I have been to Tennessee at least once before. I went for some computer training in Nashville, aka Music City, back in the Nineties. I was able to do the obvious sights, including the Grand Ole Opry, Opryland Hotel, Dollywood, and Nashville’s Music Mile and Music Row. And I do remember how hot and humid the Nashville summer was. I wonder what ever became of my old friend, Miss Tennessee (her name is Pamelia)? But I have always wanted to visit Graceland, near Memphis, on the other side of the state.
But I still have some uneasiness, after all these years, of being in substantially, an all white state, as a minority. I grew up in the 60s, when segregation, busing, integration, and Martin Luther King were dominating the headlines in newspapers and television. Whether or not this is warranted, only time will tell. But the stories and images of a more contentious time remain in my head. I just always try to keep myself in safe situations when traveling alone.
Memphis, on the other hand, sits on the confluence of the Mississippi and Wolf Rivers, on the western end of the state, near Arkansas. With about 700,000 people, Memphis is the largest city (Nashville has a larger metro area) in Tennessee. And this state was the home of famous pioneers like Davy Crockett, Andrew Jackson (who actually helped found Memphis), and Al Gore, who invented the internet and global warming (just ask him!).
Memphis was a major slave market in the antebellum South. Tennessee seceded from the Union in June, 1861. After the Battle of Memphis the next year, Memphis remained under Union control for the duration of the war. It became a Union supply base. Later in 1870, yellow fever devastated Memphis, resulting in 75% of the people dying or leaving.
But despite that, Memphis became the world’s largest market for spot cotton and hardwood lumber. It was also the world’s largest mule market! During the 1960s, the civil rights movement overtook Memphis with the sanitation strike. But sadly, and most importantly, Dr. Martin Luther King, Jr. was assassinated here at the Lorraine Motel on April 4, 1968.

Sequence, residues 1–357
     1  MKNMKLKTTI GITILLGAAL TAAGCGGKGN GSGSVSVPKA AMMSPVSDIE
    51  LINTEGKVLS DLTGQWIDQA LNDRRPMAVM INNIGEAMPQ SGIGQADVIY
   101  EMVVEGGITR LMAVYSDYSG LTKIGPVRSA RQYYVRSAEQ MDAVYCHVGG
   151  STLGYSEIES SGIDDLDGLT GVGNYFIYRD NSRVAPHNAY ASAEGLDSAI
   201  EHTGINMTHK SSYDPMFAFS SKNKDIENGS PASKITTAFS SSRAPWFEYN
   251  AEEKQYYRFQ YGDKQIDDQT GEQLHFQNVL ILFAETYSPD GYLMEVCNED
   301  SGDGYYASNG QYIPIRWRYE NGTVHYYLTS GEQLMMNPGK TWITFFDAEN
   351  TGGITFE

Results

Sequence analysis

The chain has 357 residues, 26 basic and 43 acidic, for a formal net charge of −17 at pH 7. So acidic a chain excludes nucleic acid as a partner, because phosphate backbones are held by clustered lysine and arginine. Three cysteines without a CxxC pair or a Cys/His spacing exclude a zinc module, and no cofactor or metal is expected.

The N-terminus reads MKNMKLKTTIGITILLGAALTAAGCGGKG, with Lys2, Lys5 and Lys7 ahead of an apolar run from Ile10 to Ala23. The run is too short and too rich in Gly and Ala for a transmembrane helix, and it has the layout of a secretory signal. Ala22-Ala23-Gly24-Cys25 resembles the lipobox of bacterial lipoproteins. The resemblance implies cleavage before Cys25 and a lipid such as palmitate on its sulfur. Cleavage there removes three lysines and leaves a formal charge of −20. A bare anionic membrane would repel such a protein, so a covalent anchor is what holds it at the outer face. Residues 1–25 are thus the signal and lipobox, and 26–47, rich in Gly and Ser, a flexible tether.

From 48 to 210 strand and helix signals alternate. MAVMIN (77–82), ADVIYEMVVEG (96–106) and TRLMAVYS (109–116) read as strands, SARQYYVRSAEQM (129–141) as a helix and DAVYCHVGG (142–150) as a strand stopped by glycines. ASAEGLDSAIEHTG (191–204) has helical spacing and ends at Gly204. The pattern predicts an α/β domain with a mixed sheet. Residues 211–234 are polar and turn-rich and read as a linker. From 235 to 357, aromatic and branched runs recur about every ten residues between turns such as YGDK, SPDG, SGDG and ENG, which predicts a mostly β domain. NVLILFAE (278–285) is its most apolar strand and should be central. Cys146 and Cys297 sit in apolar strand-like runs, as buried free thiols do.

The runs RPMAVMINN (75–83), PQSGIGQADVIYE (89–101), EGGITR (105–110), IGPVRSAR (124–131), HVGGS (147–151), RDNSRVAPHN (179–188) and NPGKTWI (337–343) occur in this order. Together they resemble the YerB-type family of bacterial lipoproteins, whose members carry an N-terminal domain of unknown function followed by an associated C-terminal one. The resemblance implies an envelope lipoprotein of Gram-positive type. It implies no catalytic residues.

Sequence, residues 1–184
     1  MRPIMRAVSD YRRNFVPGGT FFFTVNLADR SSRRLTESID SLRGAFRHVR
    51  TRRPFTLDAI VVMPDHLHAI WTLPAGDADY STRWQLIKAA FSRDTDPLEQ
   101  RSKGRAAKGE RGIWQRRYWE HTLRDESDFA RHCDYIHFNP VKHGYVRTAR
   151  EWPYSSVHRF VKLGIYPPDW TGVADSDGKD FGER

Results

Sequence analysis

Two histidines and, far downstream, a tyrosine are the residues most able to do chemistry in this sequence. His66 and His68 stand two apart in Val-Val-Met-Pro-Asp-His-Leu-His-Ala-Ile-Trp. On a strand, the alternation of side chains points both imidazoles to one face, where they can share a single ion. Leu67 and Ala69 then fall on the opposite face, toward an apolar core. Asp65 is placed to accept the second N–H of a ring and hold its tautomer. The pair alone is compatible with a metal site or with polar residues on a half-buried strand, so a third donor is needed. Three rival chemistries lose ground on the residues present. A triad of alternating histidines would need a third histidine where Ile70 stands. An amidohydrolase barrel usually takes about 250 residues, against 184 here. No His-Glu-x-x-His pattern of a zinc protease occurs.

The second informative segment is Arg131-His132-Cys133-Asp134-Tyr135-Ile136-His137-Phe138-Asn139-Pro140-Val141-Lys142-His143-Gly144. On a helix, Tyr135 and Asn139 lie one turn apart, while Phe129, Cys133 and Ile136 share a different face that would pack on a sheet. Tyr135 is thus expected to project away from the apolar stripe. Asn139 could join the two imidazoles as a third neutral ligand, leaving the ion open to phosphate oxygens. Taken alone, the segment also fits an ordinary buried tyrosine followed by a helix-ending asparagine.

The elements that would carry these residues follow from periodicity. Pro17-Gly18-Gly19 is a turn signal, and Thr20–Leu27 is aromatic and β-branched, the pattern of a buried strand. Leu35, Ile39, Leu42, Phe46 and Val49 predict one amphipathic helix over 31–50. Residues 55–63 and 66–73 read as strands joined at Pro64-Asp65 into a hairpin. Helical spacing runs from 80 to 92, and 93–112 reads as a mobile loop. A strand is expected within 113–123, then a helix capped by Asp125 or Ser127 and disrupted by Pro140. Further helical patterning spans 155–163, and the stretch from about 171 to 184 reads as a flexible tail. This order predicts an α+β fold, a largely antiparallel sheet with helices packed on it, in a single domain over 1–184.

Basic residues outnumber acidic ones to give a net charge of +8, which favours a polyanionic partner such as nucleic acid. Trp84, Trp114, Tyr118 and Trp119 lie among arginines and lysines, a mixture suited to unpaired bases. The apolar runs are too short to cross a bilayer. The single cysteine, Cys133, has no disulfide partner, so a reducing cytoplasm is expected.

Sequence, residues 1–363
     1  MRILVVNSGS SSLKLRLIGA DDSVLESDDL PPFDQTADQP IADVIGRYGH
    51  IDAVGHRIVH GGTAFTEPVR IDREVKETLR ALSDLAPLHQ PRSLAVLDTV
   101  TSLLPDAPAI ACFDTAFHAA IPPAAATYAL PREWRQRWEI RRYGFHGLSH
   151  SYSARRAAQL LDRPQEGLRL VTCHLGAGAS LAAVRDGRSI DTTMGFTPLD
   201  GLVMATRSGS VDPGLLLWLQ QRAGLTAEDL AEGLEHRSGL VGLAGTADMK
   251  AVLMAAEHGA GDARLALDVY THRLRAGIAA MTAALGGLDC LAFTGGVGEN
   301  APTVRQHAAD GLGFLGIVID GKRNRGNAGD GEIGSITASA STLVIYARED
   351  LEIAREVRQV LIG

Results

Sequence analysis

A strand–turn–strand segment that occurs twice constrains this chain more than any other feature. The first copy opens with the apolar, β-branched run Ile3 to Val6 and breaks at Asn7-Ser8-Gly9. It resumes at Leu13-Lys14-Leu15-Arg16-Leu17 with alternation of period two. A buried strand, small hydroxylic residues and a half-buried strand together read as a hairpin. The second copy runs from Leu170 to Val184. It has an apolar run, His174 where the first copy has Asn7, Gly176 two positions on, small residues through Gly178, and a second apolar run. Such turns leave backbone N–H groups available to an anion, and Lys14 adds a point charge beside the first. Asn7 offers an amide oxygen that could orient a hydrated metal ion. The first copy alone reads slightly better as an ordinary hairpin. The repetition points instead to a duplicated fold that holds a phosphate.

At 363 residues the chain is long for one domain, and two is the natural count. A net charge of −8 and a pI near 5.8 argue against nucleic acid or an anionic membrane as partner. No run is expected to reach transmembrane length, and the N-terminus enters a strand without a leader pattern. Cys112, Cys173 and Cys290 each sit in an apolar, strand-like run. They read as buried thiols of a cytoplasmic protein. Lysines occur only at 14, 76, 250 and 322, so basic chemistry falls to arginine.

The list of famous musicians who grew up around here is notable. These include: Elvis, Jerry Lee Lewis, Muddy Waters, Johnny Trash, W.C. Handy, Roy Orbison, Otis Redding, Isaac Hayes, Sam and Dave, B.B. King, Sam the Sham and the Pharaohs, Justin Timberlake, Wilson Pickett, Al Green, Albert King, The Box Tops, and Alex Chilton. A rather impressive list!
In fact, the top 5 music attractions are Graceland, Stax Records, Sun Studio, Rock and Soul Museum, and the Gibson Guitar Factory. The composition of Memphis remains much like it was during the Civil War, with 62.6% Blacks, and 31.7% Whites. Hispanics are 5%, while Asians are only 1.7%.
The Mason Temple here is where Dr. King gave his famous “I’ve Been to the Mountaintop” speech the day before he was killed. We are coming up on Dr. King’s birthday later this month.
The Arcade Memphis is known for their barbecue. This will present an opportunity to compare it to North Carolina, Nashville, Hotlanta, and Texas (the famous Salt Lick). The Arcade, pictured above, is the oldest restaurant in Memphis. I am sure there is more to Memphis cuisine than barbecue.
BTW, I ran across a great website/blog called “I Love Memphis” and it is extremely well written, and enthusiastic. I plan to find out more about it. But my reasons for being here are threefold. First, I have always wanted to visit Graceland, home of Elvis Presley. Second, I wanted to visit famous Beale Street and its musical legacy. And third, I can visit up to three more states that I have never visited before, Arkansas (home of Slick Willie), Mississippi, and Alabama. I figured it is the least painful way to get to these states without actually staying there!!!